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They deny the prince's authority in Christian magistrate is bound to receive in making laws ecclesiastical ; which they this government by pastors, doctors, el. do attribute to their synod.

ders, and deacons, into the church within • Though in words they will not his dominions, cvhatsoever inconvenience si deny the oath of supremacy, yet in may be like to follow the receiving of it;

very truth they take it away; for they that those who withstand it, bold it to

say she is supreme governour over all be lawful for her majesty and the state, . the persons, and all causes ecclesiastical, to bid God to batile against them; and ang but not in causes ecclesiastical, for they that they make our prince and gover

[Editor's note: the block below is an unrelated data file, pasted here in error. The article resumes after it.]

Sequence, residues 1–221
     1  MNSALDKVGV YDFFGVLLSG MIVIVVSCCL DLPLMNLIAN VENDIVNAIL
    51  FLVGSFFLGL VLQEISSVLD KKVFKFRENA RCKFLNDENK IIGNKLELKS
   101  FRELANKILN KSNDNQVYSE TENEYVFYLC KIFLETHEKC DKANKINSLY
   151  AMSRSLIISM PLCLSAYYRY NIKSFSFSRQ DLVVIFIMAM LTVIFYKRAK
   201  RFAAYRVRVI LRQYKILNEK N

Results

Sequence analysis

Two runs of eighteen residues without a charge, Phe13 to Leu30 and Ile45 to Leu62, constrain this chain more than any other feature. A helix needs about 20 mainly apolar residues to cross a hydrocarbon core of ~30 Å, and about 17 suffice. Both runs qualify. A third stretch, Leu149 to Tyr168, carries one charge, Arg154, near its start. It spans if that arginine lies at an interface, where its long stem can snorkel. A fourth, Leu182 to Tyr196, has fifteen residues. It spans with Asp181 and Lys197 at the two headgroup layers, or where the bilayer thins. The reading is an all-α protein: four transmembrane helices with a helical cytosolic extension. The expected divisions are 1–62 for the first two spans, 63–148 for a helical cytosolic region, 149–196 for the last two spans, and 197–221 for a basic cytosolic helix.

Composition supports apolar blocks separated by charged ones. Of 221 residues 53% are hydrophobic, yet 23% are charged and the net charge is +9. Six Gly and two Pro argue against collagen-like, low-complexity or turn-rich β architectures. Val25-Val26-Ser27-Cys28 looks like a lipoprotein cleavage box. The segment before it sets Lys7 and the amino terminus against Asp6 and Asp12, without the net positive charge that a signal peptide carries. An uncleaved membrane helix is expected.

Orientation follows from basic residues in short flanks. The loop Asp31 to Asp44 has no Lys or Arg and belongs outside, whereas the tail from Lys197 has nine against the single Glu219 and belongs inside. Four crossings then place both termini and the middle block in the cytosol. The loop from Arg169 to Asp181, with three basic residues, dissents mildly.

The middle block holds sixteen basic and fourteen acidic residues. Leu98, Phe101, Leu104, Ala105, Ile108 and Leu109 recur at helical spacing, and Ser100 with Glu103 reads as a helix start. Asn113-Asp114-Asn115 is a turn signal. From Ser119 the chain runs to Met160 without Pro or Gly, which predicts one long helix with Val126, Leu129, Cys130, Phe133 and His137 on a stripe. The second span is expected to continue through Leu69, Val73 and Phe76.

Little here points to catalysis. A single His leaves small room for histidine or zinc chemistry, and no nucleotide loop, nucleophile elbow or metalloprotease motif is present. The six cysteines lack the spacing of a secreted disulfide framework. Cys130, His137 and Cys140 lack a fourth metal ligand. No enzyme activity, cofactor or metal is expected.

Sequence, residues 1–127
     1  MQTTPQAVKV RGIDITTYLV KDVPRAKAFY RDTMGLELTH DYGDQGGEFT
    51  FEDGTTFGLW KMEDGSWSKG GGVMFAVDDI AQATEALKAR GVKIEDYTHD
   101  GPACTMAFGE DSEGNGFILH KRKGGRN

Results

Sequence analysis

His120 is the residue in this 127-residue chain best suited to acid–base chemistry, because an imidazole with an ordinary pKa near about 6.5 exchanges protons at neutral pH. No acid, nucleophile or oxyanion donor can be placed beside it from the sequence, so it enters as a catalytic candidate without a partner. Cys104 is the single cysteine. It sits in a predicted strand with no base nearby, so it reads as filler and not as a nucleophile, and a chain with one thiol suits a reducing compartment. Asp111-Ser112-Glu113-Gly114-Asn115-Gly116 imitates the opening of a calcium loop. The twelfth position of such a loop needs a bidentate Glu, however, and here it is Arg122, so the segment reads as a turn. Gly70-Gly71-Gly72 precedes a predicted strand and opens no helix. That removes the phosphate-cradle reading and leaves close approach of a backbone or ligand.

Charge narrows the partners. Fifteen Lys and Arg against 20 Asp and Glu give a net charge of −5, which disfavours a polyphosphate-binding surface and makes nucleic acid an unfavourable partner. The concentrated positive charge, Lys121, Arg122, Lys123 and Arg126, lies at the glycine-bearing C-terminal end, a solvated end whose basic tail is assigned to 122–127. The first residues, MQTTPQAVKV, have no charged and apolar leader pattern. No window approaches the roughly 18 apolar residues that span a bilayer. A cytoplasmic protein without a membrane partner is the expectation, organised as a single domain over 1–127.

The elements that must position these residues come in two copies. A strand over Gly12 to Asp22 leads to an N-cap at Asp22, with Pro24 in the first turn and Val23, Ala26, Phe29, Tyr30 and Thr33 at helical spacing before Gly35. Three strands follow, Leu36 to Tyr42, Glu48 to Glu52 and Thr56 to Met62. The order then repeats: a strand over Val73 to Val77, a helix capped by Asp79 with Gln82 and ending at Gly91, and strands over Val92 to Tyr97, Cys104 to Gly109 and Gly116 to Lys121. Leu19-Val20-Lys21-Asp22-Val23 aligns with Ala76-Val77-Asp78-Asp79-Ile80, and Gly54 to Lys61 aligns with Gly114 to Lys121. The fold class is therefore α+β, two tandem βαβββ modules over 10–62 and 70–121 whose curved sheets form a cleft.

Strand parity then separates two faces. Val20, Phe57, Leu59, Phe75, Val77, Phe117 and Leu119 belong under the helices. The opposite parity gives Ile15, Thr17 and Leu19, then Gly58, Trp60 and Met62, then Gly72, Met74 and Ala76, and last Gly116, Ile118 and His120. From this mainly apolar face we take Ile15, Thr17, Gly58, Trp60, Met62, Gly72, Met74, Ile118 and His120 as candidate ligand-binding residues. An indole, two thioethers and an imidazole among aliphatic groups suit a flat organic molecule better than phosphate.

attribute no more to her, but to establish nour wage war against God. de their discipline, and to defend them, * Against her majesty's safety in the in it from time to time, in the execution of it, kingdom. nie which is nuda potestas facti et non juris; That the government of the church * it an authority attributed by the papists is aristocratical or popular ; and that Berani unto their princes.

the government of the commonwealth 24. " That her majesty, being a child of must be framed according to the governHeavy the church, is subject to the censures of ment of the church ; even as the ha gs * excoinmunication by their eldership, as to the church, [the house.] well